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Proton Patients Share Their Stories

Proton Patients Share Their Stories

Nearly 2,000 people have received treatment at SCCA Proton Therapy Center as part of their care following a cancer diagnosis. The Pacific Northwest is fortunate to have protons available to those patients for whom it‘s the best clinical treatment option.

Most people, and their employers, understandably assume their health insurance will cover the cost of proton radiation, but that’s not always the case. Insurance denials are an unfortunate aspect of the healthcare landscape. While there is a pre-authorization process in place for proton therapy, it can take several weeks to get it sorted out, which can take an emotional toll at an already stressful time. And sometimes the treatment is denied coverage.

Recently, three graduates from SCCA Proton Therapy Center got together and shared their personal stories.

“I didn’t take a day of sick time,” said Dave Alberts, a firefighter in Snohomish County. “My appointments were in the morning and there were no side effects. The only inconvenience was needing to be at the center for 44 appointments. I had more exhaustion from dealing with the anxiety of the insurance company than I did with side effects from the treatment.”

His appeal was ultimately denied, but for Dave, it was about the quality of life. He has a lot more important things to do, like spending time with family and showing the other firefighters he’s still in the best shape.

“We do a physical challenge at the fire station. I am the oldest one in the group and I still beat everyone else. I like the competition. I beat them last year when I had cancer.”

Six years ago, David Heyting had a seizure. An aid car rushed him to UW Medical Center where they discovered a massive tumor in his head. Surgery removed 90% of it and then he had 12 months of chemotherapy. This was before Seattle had a proton therapy center.  

He went in every six months to see if anything had changed. Then, in 2015, the tumor had in fact changed. David did not want to do another round of chemo. Luckily, the SCCA Proton Therapy Center had opened in Seattle. SCCA and UW were connected so it was seamless and easy.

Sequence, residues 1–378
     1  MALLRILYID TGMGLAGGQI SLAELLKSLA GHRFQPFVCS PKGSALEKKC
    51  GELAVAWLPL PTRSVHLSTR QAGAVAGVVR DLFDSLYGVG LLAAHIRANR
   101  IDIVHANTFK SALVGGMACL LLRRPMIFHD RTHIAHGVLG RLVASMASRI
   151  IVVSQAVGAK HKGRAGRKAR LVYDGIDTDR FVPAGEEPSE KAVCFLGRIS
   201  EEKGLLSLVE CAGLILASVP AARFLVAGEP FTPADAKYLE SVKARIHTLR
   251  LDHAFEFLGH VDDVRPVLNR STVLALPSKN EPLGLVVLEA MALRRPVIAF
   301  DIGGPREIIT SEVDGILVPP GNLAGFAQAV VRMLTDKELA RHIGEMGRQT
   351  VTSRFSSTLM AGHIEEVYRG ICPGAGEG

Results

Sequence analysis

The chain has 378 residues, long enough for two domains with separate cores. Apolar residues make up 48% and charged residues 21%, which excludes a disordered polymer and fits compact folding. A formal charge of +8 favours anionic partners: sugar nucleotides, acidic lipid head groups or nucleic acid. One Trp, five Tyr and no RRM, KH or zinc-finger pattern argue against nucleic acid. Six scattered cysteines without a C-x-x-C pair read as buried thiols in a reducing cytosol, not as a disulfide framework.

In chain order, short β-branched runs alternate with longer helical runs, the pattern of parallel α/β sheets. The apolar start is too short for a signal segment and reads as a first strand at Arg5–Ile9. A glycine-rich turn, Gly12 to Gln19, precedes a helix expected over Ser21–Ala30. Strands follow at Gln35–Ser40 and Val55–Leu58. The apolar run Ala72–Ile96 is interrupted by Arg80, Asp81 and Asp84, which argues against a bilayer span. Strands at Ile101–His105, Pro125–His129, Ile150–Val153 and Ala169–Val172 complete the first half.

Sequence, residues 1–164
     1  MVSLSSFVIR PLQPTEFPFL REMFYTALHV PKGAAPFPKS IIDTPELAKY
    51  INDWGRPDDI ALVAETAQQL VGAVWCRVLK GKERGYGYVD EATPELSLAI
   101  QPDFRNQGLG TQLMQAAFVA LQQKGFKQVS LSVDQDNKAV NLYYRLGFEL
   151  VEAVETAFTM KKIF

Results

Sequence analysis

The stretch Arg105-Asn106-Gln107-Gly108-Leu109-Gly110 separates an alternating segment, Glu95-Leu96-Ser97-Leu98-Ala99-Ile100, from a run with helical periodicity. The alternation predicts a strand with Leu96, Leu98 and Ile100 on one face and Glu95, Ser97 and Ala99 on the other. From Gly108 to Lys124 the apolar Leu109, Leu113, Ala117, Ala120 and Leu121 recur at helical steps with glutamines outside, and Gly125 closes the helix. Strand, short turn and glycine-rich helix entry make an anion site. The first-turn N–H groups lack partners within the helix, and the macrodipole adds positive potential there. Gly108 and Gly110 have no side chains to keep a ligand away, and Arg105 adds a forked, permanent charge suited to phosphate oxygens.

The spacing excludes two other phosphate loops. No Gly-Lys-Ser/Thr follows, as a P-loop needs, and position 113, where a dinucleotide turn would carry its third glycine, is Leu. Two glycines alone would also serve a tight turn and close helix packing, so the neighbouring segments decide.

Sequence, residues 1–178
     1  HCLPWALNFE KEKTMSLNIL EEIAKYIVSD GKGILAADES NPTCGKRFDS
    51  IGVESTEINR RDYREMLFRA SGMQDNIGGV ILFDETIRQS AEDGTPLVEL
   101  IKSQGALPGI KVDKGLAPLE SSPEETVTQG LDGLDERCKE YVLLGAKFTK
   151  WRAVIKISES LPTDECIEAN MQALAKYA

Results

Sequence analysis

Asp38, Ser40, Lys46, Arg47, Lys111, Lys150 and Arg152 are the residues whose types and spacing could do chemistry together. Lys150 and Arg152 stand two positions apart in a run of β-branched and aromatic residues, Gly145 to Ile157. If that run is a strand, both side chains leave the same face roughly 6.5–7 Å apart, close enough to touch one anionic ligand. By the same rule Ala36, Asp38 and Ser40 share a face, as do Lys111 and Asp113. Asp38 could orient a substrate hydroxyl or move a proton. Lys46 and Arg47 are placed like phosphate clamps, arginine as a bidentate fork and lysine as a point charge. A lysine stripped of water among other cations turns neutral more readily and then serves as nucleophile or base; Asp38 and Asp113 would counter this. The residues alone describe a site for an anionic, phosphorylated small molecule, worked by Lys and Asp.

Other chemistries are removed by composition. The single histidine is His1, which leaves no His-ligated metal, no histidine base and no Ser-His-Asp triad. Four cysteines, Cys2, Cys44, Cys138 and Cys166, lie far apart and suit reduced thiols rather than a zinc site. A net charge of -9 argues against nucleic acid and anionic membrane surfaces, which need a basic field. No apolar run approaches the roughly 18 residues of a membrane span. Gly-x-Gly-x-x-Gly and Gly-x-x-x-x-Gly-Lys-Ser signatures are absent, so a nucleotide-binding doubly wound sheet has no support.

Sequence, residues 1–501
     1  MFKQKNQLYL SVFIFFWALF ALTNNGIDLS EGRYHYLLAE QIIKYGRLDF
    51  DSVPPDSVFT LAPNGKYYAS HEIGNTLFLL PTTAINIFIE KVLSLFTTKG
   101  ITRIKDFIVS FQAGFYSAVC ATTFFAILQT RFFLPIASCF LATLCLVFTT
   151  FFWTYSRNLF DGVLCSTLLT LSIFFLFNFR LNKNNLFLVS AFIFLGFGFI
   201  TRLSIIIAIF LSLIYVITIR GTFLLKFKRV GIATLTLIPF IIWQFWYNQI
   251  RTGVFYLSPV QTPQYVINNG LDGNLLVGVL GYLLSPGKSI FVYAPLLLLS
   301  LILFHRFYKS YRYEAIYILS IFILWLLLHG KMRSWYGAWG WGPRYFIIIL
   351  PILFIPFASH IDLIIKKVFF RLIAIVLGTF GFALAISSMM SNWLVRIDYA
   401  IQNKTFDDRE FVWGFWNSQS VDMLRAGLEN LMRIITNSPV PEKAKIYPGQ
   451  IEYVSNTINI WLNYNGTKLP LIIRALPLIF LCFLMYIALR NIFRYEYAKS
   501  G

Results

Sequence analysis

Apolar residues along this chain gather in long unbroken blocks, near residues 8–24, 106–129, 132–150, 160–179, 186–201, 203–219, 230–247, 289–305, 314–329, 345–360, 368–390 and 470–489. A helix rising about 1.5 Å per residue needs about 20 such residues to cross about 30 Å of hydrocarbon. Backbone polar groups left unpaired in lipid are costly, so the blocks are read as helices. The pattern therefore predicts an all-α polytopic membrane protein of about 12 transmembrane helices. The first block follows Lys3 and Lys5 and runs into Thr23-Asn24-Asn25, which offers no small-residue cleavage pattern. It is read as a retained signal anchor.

“I did a lot of research and I chose not to have traditional radiation, against my doctor’s suggestion,” David said. “Most people with my type of cancer are dead within five years, and there’s no exact cure. But I am optimistic. I came for treatment at lunch. It was pretty easy. There was no impact on my working life and I didn’t feel that tired. Compared to chemo, it was a walk in the park. I was lucky compared to a lot of people.”  

But David does wish more people knew about the option.

“I know for a fact, doctors don’t refer here because it is not in their network. They don’t even acknowledge it exists. I’ve met people who’ve had traditional radiation and 10-12 years later they have developed a secondary cancer. People need to know this exists.”  It’s a good idea to speak to a radiation oncologist who knows about proton therapy.

While his treatment was eventually approved after an initial denial, he was frustrated it was even in question, since his insurer covers his type of cancer for pediatric patients.

“If I was 18 it would have been approved, because of long term impact. How about when I am 37?”  

Marcia McNannay was diagnosed with breast cancer in 2014. She went through surgery, chemotherapy and radiation. She lives in a rural area of Eastern Washington and she had never heard of proton therapy.

The aggressive cancer came back in 2017.

“I knew I had a 50/50 chance of having it return. I understood the terminology this time around and took control. I knew right away I wanted a second opinion and came to SCCA and learned about proton therapy. Working with positive doctors makes you feel better.”

The tumor was resistant to chemotherapy and a second round of radiation was not an option. Once you’ve had traditional radiation, you can’t get it again, but protons allow most patients to have an additional course.

“Every day, when I walked in the door, you just felt like you were family. Everyone was in a good mood, they were positive and wanted to help. I had no idea my biggest battle would be with the insurance company.”

Dave, David and Marcia now know better than most: insurance plans are complicated. No two are alike. Employers and individuals need to research what’s covered and what’s not covered so they aren’t surprised if they find themselves in need of lifesaving treatment. They would all encourage you to take the time to review your health plans today.

If you or a loved one are in need of radiation, be sure to speak with a radiation oncologist familiar with proton therapy. To learn more, go to the Alliance for Proton Therapy Access

For the full interview, click here.